Squid is fairly easy to set up.  The firewall took me a little longer, however, in CentOS 7 (IPTABLES isn't the default firewall any more, and instead, a new player is in the ring, firewalld).  This nice little tool can be much more user friendly, if you know what you are doing.  I started out here intending to place Squid (a proxy server) in between my internal network and the outside world for two reasons :
  • I wanted to prevent requests to pages or sites that were not kid-friendly
  • I wanted to cache some of the most heavily used images and sites to speed up requests and page loads
It did take me a bit to figure it out, but I managed.

The first step is to ensure the interfaces fall into the right zones.  Trust me on this, it's pretty important.  I found (before I did this) that often on boot up, DNS would fail to operate until I stopped and started the firewalld service after the initial boot.  Open up each of the /etc/sysconfig/network-scripts/if-cfg* interface files (safe to skip the lo* interface, obviously), and add a single line to them :
Options here are "work", "trusted", "internal", and "public".  Pick the right interfaces - this is vital.

Once you have that in place, enable IP forwarding :
    echo "net.ipv4.ip_forward = 1" >> /etc/sysctl.conf
The third step was enabling masquerading for my internal house guests, and to allow established connections.  This was done using :
    firewall-cmd --permanent --direct --add-rule ipv4 nat POSTROUTING 0 -o enp1s0 -j MASQUERADE
    firewall-cmd --permanent --direct --add-rule ipv4 filter FORWARD 0 -i enp1s0 -o enp2s0 -m state --state RELATED,ESTABLISHED -j ACCEPT
Once that is working I wanted to punch a couple of holes through the firewall :
    firewall-cmd --zone=external --add-service=http --permanent
    firewall-cmd --zone=external --add-service=https --permanent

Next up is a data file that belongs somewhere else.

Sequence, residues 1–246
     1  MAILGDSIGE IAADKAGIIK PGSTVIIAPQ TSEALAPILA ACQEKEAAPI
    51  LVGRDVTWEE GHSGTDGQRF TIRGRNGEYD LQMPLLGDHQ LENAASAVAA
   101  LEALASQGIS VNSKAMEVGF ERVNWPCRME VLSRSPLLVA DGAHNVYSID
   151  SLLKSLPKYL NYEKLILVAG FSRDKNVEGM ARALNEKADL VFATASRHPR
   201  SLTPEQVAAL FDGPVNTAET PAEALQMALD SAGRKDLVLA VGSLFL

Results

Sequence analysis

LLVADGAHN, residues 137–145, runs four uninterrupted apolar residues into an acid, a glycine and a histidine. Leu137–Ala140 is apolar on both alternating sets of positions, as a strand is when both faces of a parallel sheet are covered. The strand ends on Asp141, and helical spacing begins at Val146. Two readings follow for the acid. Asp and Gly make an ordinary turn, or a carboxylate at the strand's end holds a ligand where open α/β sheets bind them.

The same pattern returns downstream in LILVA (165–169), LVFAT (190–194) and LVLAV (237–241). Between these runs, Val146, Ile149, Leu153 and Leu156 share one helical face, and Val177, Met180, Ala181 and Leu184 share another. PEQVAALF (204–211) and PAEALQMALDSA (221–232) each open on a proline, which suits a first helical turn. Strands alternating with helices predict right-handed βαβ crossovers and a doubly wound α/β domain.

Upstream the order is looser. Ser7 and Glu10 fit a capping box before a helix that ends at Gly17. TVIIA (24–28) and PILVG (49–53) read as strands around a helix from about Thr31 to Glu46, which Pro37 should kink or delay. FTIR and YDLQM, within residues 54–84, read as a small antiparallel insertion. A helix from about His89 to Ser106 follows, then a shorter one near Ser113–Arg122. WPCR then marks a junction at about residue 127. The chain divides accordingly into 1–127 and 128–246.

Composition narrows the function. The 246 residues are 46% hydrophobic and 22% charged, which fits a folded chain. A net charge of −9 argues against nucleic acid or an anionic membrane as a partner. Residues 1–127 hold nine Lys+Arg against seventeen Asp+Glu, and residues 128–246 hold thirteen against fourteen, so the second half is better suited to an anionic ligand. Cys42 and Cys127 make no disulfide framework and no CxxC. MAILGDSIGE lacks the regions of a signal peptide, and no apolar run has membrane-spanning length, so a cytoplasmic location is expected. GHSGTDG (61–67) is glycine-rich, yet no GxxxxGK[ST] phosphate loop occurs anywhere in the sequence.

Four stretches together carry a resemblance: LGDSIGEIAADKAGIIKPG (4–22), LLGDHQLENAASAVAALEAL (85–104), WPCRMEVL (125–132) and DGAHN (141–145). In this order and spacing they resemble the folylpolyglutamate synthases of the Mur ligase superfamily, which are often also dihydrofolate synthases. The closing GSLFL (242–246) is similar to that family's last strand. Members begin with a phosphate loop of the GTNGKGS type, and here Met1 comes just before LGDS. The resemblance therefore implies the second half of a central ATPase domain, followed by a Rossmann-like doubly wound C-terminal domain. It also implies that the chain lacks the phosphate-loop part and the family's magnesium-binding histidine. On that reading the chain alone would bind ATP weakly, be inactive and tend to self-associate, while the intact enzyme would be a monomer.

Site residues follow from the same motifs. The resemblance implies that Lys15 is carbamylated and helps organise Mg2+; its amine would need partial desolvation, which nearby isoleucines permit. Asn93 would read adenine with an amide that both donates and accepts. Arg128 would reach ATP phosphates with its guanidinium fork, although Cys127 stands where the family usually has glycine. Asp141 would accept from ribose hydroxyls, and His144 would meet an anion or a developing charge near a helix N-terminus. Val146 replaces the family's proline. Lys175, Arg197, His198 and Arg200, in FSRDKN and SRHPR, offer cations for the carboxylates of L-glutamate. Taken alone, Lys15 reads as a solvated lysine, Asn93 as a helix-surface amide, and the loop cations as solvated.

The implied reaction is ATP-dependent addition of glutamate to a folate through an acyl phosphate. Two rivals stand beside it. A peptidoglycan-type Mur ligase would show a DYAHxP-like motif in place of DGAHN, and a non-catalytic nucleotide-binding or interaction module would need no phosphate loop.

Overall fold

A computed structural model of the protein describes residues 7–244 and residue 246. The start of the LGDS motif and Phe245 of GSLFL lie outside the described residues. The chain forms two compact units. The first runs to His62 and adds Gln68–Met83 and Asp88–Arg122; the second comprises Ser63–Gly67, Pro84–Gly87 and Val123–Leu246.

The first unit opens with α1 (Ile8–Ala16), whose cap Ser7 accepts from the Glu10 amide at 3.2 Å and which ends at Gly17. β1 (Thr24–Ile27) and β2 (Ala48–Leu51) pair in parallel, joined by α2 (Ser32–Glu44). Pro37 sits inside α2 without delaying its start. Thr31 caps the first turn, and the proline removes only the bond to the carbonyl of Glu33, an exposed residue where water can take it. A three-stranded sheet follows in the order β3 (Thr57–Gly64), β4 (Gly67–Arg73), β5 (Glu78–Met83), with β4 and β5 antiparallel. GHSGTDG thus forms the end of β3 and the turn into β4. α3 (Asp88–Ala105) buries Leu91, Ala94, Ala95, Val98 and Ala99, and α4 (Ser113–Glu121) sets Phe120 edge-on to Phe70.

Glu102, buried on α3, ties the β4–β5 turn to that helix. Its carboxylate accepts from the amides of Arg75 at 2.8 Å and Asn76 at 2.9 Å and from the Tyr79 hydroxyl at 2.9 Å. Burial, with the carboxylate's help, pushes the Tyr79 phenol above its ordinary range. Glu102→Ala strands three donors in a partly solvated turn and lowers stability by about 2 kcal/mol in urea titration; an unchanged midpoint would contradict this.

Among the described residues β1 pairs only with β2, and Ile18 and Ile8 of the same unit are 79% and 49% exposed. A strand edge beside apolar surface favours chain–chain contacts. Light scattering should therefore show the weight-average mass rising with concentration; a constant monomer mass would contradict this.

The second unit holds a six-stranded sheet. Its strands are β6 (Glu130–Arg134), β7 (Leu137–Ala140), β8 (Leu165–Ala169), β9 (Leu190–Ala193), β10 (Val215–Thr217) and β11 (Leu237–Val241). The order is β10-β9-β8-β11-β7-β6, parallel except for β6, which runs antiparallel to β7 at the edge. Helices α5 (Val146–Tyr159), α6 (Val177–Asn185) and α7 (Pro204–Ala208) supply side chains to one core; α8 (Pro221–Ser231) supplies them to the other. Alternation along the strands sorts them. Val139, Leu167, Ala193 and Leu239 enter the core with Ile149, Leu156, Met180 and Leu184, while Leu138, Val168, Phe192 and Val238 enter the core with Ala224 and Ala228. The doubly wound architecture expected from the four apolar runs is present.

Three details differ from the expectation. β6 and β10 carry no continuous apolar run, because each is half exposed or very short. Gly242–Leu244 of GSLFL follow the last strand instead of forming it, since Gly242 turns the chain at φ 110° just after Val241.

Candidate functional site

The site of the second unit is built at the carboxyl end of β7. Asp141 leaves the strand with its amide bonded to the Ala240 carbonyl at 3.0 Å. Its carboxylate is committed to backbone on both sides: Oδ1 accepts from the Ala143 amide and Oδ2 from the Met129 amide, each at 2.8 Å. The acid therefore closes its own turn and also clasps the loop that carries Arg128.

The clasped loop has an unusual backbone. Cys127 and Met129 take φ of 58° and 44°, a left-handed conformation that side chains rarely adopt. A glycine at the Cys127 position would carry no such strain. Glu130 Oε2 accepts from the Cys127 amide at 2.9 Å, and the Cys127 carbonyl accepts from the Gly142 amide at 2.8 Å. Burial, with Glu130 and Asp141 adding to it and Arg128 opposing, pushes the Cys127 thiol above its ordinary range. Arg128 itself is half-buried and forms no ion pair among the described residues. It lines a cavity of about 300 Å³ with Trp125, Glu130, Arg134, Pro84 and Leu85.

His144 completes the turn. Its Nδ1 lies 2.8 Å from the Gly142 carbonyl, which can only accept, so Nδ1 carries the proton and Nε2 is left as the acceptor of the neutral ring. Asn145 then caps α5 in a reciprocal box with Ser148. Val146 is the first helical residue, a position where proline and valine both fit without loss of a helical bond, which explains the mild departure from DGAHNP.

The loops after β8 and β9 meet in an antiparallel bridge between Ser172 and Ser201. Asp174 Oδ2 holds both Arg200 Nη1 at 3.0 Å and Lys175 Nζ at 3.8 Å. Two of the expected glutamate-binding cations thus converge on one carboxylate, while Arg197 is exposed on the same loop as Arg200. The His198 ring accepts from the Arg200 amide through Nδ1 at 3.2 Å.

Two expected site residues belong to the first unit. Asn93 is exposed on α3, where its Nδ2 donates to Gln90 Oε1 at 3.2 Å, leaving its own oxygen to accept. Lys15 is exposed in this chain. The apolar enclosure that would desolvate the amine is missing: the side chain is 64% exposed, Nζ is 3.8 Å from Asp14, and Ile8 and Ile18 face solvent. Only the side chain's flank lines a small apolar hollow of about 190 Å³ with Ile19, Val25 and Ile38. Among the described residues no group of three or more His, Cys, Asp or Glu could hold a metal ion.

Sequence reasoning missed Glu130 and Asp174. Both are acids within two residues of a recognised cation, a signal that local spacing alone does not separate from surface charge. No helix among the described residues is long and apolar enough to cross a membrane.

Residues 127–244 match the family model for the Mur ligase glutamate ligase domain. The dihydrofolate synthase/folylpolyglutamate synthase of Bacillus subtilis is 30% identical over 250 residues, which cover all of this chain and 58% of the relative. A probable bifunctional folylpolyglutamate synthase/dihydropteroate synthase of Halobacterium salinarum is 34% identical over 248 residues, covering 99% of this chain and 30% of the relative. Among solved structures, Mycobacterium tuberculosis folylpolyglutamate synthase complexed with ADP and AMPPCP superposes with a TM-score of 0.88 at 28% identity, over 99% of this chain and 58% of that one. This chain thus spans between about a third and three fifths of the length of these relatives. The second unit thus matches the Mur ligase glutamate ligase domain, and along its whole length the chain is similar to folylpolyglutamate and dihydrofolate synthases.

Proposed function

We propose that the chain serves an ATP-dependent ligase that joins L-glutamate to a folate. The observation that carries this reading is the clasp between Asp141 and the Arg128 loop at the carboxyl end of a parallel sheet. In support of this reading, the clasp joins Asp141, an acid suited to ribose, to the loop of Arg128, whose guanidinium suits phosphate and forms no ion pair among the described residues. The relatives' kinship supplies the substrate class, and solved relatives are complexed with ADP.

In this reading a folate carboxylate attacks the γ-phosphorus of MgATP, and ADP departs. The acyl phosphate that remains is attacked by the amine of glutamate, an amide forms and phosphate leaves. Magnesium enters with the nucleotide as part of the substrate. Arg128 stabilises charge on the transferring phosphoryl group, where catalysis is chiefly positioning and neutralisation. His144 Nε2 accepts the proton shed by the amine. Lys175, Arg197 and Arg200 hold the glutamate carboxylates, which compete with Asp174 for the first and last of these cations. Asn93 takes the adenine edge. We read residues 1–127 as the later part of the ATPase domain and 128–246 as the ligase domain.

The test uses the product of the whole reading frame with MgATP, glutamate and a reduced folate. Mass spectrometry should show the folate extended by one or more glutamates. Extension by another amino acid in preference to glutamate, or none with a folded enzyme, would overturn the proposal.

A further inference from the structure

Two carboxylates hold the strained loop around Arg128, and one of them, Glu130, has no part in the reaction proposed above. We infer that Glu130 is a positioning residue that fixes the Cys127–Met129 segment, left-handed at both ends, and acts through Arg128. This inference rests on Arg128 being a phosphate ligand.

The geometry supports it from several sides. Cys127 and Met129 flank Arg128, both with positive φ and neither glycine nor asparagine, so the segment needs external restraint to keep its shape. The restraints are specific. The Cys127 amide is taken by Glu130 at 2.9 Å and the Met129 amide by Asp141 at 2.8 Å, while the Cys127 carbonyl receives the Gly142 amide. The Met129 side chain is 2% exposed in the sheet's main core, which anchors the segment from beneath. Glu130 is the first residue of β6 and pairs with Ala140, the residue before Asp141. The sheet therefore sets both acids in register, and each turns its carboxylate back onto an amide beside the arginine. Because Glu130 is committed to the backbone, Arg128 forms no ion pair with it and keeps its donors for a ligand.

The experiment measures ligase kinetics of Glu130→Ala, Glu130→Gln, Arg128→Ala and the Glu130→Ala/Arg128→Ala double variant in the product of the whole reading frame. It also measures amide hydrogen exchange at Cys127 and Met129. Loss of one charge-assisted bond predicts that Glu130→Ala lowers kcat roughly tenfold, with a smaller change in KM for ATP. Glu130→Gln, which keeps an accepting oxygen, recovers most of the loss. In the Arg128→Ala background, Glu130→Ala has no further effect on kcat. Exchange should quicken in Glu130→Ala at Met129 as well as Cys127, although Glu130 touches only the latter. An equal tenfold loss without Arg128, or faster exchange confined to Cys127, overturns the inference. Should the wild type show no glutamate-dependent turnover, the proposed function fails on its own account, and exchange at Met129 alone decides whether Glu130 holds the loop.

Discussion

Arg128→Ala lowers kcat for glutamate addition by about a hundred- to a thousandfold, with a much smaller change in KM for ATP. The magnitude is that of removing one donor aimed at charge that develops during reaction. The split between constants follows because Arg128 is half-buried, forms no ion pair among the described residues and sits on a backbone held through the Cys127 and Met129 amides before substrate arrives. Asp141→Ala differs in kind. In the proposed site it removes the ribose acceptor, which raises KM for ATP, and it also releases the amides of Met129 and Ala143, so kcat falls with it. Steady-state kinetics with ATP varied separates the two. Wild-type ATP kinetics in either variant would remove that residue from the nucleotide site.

firewall-cmd --zone=external --add-rich-rule="rule family=\"ipv4\" source address=\"\" port protocol=\"tcp\" port=\"22\" accept"
Note that mine shows that I am only accepting SSH connections from a specific IP address - this is to prevent those jackass hackers from trying to brute force there way in through SSH.  If you need, it could have been a simple "--add-service=ssh" instead.

And lastly, you HAVE to make sure to intercept HTTP connections from the inside of the network, heading to the outside of the network.  I didn't want Squid responding to internal-to-internal connections, possibly getting in the way of some of the video feeds going across the network.
    firewall-cmd --zone=trusted --permanent --add-rich-rule=rule family="ipv4" source address="" destination address="" invert="True" forward-port port="80" to-port="3128" to-addr="" protocol="tcp"
The above rule will fire off IF a request comes from an internal IP address (, that is heading to for port 80 (HTTP).  It reroutes that to the local port 3128 (which is where squid is listening), and Squid handles the request from there on out (allowing the cache or block).  However, since we added the "destination address" with a following "invert", we are going to ignore anything that is NOT going to the outside world.


It's fairly easy - just install squid (yum install squid), open the "/etc/squid/squid.conf" file, and locate the line that reads "http_port 3128" .  Add a space followed by "intercept", e.g. "http_port 3128 intercept", and Squid will now act as a transparent proxy.

Since I also wanted to block some sites, I threw in a list of server names into a file called "/etc/squid/bad-sites.acl", e.g. :
and in the squid.conf file, I added the following at the top :
    acl bad_sites dstdomain "/etc/squid/bad-sites.acl"
Then, I located a line that began with "INSERT YOUR OWN RULE(S) HERE", and added :
    http_access deny bad_sites
After the comment block for that.  Restart it, and it will be blocking the sites listed in the bad-sites.acl!  Congratulations on setting up a transparent proxy!